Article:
Tomorrow is the one-year anniversary of Hurricane Katrina’s arrival in New Orleans, a natural disaster that continues to affect thousands of families who lost all they had and now call Houston their temporary home. Their survivor stories are now being compiled into a series of audio narratives, a project led by University of Houston English professor Dr. Carl Lindahl. The stories will become a permanent part of the American folklife center at the Library of Congress.
“It occured to me right after Katrina hit that the perfect project for documenting the experiences of these survivors would be one in which peers would go out and talk to their fellows about the experiences that they shared. I didn’t know it at the time, but apparently this is the first large-scale project in which victims of a disaster take the leading role in documenting the story of that disaster.”
Lindahl and his colleagues have trained 40 Katrina and Rita surivivors on how to use recording equipment and basic interviewing skills and have sent them out to talk to their friends and relatives. So far, they’ve collected about 300 audio narratives.
“Our idea was, you are the world’s leading experts in this experience. We are the onlookers. We can show you how to operate the equipment, we can give you some advice on how to get a story from someone, but you already know how important it is to tell these stories and how important it is to listen to those individuals who have this story to tell.”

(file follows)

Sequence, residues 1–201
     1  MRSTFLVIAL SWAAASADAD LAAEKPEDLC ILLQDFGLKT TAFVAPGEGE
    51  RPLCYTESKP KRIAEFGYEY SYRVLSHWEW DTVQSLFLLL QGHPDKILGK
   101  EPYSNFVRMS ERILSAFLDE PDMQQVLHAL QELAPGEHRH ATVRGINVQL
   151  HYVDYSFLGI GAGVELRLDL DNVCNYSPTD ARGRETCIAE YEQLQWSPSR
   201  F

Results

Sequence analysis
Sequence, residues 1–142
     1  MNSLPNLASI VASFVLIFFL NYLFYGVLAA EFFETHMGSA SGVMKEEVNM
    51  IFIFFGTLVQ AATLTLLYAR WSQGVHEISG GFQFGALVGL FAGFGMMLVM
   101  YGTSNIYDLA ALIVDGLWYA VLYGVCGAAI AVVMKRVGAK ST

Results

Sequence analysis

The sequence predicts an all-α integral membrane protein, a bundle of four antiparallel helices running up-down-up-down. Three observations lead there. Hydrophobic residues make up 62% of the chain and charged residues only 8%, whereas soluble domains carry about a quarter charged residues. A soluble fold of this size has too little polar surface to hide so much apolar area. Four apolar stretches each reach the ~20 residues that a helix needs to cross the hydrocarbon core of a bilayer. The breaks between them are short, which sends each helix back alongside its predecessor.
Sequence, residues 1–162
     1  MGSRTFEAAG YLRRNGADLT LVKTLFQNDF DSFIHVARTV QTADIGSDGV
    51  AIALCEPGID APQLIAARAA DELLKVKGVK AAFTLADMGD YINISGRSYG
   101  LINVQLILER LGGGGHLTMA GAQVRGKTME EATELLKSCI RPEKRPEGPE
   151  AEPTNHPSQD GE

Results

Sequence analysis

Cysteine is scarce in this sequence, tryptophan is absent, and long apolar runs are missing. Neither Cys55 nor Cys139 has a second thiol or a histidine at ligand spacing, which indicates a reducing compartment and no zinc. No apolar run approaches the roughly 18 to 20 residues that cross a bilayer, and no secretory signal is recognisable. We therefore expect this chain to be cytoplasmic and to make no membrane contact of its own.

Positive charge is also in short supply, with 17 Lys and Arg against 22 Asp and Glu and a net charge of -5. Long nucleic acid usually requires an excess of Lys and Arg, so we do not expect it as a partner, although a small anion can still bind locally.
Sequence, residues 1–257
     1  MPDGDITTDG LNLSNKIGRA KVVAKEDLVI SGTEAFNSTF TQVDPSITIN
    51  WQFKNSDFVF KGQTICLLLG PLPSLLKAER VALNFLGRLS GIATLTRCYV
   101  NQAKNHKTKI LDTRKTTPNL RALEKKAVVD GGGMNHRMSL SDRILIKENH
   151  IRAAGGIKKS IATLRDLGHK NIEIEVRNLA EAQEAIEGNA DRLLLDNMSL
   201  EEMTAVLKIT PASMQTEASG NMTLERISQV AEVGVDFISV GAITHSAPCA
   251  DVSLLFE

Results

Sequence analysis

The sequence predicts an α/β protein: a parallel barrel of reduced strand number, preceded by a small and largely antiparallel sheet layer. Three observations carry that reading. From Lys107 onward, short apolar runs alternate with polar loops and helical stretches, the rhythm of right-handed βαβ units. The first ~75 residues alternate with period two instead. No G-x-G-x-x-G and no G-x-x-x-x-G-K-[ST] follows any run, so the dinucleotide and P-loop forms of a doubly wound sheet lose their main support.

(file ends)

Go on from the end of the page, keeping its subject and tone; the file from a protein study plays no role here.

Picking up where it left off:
“Everyone who I’ve talked to since this tragedy has happened asked me well, Glenda, what was so great about Houston that people went to Houston?”
Former New Orleans resident Glenda Harris evacuated the day Katrina hit. She’s been in Houston ever since and is part of the “Surviving Katrina and Rita in Houston” audio project. She was interviewed by Dr. Lindahl in January and has since added her own interviews.
“I share with them that I think that the greatest thing about Houston, Texas for us as a matter of evacuees was that before the federal government or any governmental agency could say anything, the people out of their hearts in Houston reached out their arms and reached out their hands and reached out their heart to say, I understand. If it’s not but by the grace of God, it could have been us rather than you all.”
Lindahl says the hundreds of hours of audio include stories of survival, gratitude, frustration and distrust, all emotions expressed by evacuees who still don’t know when they’ll be able to return home.
“It’s my belief that this project, which is scheduled to end on December 31st, 2007, could well prolong its natural life simply because the story of rebuilding community and creating new bonds in and around Houston is so compelling and so complex.”
The audio will be housed in the wing of the Library of Congress charged with capturing the oral history, folklore and traditional arts and culture of our nation. You can find a link to the American Folklife Center at the Library of Congress website on our website, KUHF.org.